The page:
Melanie McDonagh

What Madeleine Albright got right – and wrong – on Kosovo

What Madeleine Albright got right – and wrong – on Kosovo
Madeleine Albright (Getty images)
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Unsurprisingly, it’s Kosovo where Madeleine Albright, former US Secretary of State, is remembered with particular gratitude: today there’s an official day of mourning for her there. Why? Because without Albright, there might well not be an independent Kosovo. It was she who unequivocally backed the bombing of Serbia that brought an end to the Serbian ethnic cleansing in Kosovo and ultimately led to Kosovo breaking away from what was left of Yugoslavia. Left to himself, Bill Clinton wouldn’t have done it. Albright had both a knowledge of the region – she spoke perfect Serbian, a product of her time in Belgrade as a child – and a visceral antipathy to Slobodan Milosevic. And she had no fear.

But having acknowledged her courage in addressing the last, formidable element of the breakup of Yugoslavia in Kosovo – showing far greater moral clarity than her predecessors did in Bosnia – it must also be acknowledged that she got one thing wrong. She backed the wrong horse on the Albanian side. And the consequences of that error were devastating.

She could have thrown her backing, and that of the US government, behind the man who had represented Kosovo throughout the Milosevic years, the nice, chain-smoking academic, Ibrahim Rugova. He campaigned for independence by peaceful means throughout the difficult years under Milosevic when Kosovo wasn’t on the international radar. This earned him comparisons with Gandhi from visiting journalists and Swedish peace groups, but failed to yield results. Instead, she decided to run with the alternative, the KLA, the Kosovo Liberation Army, and its then youthful leader, Hashim Thaci. Indeed, after the Serbs left Kosovo and were replaced by Nato forces, Rugova had to leave Kosovo for fear of his life: he took refuge in the Vatican.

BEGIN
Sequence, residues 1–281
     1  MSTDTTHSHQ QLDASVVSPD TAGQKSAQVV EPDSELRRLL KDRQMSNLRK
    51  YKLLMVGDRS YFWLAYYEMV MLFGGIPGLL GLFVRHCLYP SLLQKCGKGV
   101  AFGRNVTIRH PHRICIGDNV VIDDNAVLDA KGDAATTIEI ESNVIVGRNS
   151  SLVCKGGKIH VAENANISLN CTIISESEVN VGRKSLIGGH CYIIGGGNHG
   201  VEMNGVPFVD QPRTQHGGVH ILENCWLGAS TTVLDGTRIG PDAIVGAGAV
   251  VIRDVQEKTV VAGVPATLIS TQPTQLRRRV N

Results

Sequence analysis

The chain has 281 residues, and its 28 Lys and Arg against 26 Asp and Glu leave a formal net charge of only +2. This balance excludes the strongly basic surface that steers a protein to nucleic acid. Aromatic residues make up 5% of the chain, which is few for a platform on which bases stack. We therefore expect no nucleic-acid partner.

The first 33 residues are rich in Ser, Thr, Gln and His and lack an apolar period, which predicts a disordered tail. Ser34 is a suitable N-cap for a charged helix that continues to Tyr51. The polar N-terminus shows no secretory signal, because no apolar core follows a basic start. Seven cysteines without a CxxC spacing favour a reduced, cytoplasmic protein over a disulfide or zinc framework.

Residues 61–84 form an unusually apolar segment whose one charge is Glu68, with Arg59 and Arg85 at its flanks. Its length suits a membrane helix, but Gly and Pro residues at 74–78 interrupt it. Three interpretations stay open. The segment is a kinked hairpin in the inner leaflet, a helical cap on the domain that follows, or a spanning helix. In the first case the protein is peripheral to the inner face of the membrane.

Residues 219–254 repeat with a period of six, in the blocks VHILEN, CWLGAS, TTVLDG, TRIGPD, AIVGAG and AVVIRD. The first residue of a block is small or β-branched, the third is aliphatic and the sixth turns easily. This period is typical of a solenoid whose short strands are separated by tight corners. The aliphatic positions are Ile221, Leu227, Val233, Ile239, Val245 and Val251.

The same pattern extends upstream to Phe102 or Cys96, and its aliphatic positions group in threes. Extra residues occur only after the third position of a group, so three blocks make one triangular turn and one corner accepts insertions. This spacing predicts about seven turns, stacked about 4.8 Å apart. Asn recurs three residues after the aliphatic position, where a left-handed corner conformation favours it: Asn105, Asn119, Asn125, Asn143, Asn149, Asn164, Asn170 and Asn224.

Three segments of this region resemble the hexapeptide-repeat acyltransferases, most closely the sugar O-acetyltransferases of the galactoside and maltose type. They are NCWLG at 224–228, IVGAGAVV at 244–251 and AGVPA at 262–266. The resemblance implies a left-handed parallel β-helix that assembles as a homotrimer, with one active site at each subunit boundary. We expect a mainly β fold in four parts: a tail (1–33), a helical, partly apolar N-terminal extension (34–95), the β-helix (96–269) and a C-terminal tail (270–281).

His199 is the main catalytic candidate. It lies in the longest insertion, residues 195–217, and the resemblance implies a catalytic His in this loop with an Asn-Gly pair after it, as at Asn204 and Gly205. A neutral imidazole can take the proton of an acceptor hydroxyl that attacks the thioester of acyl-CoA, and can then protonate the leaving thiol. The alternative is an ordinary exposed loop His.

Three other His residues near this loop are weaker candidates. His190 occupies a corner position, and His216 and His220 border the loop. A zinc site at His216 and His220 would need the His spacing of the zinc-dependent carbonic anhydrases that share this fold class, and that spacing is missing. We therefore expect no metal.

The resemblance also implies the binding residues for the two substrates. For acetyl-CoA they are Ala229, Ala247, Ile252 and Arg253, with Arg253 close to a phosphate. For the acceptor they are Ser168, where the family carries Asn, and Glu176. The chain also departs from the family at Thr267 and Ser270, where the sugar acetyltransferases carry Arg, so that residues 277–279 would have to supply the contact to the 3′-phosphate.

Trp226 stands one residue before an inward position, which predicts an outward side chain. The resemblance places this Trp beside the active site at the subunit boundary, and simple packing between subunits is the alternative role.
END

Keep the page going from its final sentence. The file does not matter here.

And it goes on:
The upshot of all this was that when it came to the creation of the first Albanian provisional government, effective power was with the PDK, the political wing of the KLA. This report from 1999 gives a snapshot of her role in failing to side with the pacifists.

So what? It’s a long time ago. But it matters. In the six months during which the former KLA held sway in Kosovo, immediately after the Serbian withdrawal, many Kosovo Serbs and dissident Albanians were killed or driven from their homes, their property taken by thugs connected with the KLA. The culture of gangsterism which plagued Kosovo for the next 20 years was established by the time Rugova returned – he was president, rather than head of government – and has never really been exorcised. It may not be true, as Rugova once suggested to me, that Kosovo could have been a nice little state, a kind of Balkan Switzerland, but it could have been far better than it turned out, given decent leadership at the top at the start. And for that, I’m afraid, Madeleine Albright was in some measure responsible.

Hashim Thaci, incidentally, is now in The Hague awaiting trial for war crimes, and crimes against humanity.

Written byMelanie McDonagh

Melanie McDonagh is an Irish journalist working in London

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